November 15, 2011
Sometimes appreciating wine is like spending time with a praying mantis: You find yourself getting ready for a quality evening with a bottle you just know you’re going to love, when suddenly it turns on you and eats your head.
This happened to me earlier this week when I tasted an old favorite of mine. This was a wine I’ve brought to parties, gave as gifts, and shared with friends many times over many dinners. Although it had been a few years, I had no doubt that it would deliver. It always did. The moment it touch my lips, however, I became immediately confused. And not in a “did I remember to take my vitamin this morning?” sort of way. No. I mean in more of a “get stoned on absinthe while watching Polish acrobats” sort of way (That’s kind of a long story–no, actually it’s not. I got stoned on absinth once while watching Polish acrobats and it freaked me out. Right out). Anyway, what was once one of my solid, go-to wine choices now had the same effect on me as my Grandmother’s creamed corn—the only recipe I am aware of which is inspired entirely by vomit.
But if there’s one thing I’ve learned about drinking wine, it’s that tastes change over time. Thinking back to some of my early wine favorites is much like thinking back to some of my old girlfriends: I’m left wondering just what the hell I was thinking. How was I ever so attracted to some of those over-processed, over-manipulated Cabernets? How I was ever so attracted to that girl with the huge African lip disc? What the hell was I thinking? Yes, my tastes have changed.
I like to think that these changes in preferences are due to my becoming more wine-educated. I like to think I’m becoming more refined through the years, more discerning in my palate, but considering I’m the guy who still belches the entire alphabet at parties and runs away when his wife catches him eating frosting off the cake with a spoon, that logic may be a little optimistic.
This week’s recommendation:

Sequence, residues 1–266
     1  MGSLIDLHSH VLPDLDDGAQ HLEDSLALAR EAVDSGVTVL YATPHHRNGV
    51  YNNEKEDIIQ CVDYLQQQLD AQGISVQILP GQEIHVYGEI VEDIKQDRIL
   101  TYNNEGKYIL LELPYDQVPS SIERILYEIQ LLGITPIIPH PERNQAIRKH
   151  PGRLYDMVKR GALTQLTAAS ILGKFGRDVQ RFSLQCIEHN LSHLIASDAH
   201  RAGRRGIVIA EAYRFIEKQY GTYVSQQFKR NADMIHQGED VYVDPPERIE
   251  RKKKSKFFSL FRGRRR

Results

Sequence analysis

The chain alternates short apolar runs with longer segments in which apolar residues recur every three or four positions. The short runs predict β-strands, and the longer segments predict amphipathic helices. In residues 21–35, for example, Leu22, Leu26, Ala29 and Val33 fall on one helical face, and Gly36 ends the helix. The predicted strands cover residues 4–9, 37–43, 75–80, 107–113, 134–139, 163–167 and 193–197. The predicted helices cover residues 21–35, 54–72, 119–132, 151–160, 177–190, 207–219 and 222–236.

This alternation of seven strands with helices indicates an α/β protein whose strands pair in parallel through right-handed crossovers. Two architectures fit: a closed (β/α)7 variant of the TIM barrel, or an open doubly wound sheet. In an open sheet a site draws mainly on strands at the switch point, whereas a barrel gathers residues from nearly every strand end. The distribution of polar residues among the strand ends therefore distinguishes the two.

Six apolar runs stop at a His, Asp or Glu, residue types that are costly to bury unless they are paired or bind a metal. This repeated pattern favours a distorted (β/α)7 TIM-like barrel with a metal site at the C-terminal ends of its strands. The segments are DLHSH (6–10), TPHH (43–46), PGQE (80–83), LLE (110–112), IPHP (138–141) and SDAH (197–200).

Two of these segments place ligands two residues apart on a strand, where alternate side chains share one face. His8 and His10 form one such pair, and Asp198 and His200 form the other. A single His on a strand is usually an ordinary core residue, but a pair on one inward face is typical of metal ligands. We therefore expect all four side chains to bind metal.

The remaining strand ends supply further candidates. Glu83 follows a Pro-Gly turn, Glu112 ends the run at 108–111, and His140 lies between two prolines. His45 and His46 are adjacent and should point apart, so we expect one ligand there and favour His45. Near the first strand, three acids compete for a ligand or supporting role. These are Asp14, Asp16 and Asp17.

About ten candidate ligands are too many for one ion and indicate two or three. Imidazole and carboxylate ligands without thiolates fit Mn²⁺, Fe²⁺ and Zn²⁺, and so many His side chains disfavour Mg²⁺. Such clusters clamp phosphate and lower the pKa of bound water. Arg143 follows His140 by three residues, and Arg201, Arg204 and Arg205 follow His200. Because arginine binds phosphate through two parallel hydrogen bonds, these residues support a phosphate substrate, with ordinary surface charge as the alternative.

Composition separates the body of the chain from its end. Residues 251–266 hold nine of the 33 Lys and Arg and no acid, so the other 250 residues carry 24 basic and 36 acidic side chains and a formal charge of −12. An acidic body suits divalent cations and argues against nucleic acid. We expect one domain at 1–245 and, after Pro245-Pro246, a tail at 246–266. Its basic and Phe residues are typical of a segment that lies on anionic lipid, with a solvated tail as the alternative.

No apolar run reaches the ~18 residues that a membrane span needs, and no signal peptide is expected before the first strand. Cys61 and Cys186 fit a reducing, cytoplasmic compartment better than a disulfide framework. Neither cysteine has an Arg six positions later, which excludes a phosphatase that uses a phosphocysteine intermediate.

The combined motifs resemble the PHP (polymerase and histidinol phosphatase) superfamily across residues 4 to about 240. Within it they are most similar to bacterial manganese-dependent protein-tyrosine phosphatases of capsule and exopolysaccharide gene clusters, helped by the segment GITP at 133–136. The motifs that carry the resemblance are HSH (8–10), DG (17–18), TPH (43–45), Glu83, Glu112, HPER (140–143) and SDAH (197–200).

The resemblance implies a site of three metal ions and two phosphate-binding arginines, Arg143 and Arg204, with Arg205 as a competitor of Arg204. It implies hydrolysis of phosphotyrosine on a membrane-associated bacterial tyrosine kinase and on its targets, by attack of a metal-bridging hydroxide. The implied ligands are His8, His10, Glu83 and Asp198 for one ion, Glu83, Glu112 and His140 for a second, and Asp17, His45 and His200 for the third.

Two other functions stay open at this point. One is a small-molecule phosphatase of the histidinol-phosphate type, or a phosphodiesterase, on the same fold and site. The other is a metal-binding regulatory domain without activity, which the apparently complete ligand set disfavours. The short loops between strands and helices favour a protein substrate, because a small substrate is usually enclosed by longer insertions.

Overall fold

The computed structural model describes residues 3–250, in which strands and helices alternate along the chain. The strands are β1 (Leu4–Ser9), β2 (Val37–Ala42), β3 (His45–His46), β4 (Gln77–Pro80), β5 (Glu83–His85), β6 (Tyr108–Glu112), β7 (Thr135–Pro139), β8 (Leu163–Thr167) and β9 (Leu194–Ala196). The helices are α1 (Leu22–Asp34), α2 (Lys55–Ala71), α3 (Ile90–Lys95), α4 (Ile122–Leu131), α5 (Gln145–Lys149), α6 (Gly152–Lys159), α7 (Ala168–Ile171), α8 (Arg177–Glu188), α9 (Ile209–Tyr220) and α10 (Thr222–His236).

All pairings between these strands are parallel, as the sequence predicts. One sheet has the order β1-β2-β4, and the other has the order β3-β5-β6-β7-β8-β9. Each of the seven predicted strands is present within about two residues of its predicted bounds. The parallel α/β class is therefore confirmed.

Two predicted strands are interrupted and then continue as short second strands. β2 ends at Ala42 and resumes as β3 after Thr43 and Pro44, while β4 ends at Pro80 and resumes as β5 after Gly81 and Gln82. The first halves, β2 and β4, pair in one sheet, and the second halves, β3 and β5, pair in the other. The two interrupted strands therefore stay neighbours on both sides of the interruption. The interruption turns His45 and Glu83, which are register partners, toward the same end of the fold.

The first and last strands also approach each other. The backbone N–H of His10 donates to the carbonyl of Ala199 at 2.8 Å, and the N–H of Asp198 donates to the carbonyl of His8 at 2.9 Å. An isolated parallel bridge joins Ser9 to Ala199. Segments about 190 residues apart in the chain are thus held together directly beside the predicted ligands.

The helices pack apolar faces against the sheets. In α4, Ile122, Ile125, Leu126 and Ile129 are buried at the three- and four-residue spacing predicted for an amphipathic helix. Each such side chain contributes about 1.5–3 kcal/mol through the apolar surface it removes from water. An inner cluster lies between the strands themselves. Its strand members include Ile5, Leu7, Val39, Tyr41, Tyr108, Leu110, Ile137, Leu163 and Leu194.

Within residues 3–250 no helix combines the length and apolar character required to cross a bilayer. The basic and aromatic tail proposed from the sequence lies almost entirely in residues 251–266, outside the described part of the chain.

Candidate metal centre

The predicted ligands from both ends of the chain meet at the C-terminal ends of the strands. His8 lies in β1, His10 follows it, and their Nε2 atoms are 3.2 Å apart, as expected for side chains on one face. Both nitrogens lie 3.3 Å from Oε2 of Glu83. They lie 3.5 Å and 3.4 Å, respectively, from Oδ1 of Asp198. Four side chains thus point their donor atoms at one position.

Barone Ricasoli 2009, Chianti ($14.99): Although Chianti has faded in and out of favor through the years, BR has NEVER let me down. With an awesome spiciness and bold cherry flavors, this Chianti will always taste good–just like belching the entire alphabet will always be funny.
February 9, 2010
“Can you pick up a bottle of wine? I’m making chicken.”
Hearing those words is all it takes for the facial tics to begin. Pick the right one and I’m the hero. Pick the wrong one and it’s like I’m the guy wearing white socks with the tuxedo. Too much pressure! I step into my local liquor store, gazing at the labyrinth of wine racks, feeling the same dread as when I look at the mountain of snow that the plow makes at the bottom of the driveway. I take a few more steps past the Argentinean wines and my brain begins to make that noise the car makes when you try to start it after it’s already turned on. My heart beats faster. I walk further, past the Malbec and I see that scary clown from Stephen King’s movie It standing by the Chianti. Through brown and crooked teeth he spits out the phrase, “Red with beef! White with fish and chicken!” Does that old rule still apply? I begin to lose my nerve. With sweat pouring down my face I panic. I bolt past the Merlot, past the Chardonnay, and past the clown. In a few short seconds I’m safe once again in the beer section. Looks like it’s beer with chicken again tonight.
It shouldn’t be this hard. Choosing a wine for dinner shouldn’t feel like a meeting with the IRS guy. Below is a quick guide that will get you through many common dinners.
Steak/Cabernet Sauvignon: Many times Cabernet goes with food like cats go with vacuum cleaners but steak and Cabernet is a classic. Try Sebastiani 2008, Cabernet Sauvignon ($17.99).
Salmon/Pinot Noir: Yes, a red with fish. Pinot goes with most anything so if you’re on the spot in a restaurant in front of the in-laws, Pinot is a safe bet. Try Castle Rock 2008, Pinot Noir ($10.99).
Italian food/Chianti or Zinfandel: A good rule of thumb is to drink wine from the same region that the food comes from. Chianti works with most tomato sauces. Zinfandel is spicy enough to pair perfectly with spicy sausage. Try DaVinci 2007, Chianti ($13.99) or McManis 2007, Zinfandel ($12.99).
Pork/Chardonnay: Pork just works with Chardonnay. In addition, so many creamy sauces and rich herbs used with pork do, too. It’s like the guy dating the cute girl. If it doesn’t work with her, there’s always her hot sister. Try Chateau St. Jean 2008, Chardonnay ($13.99).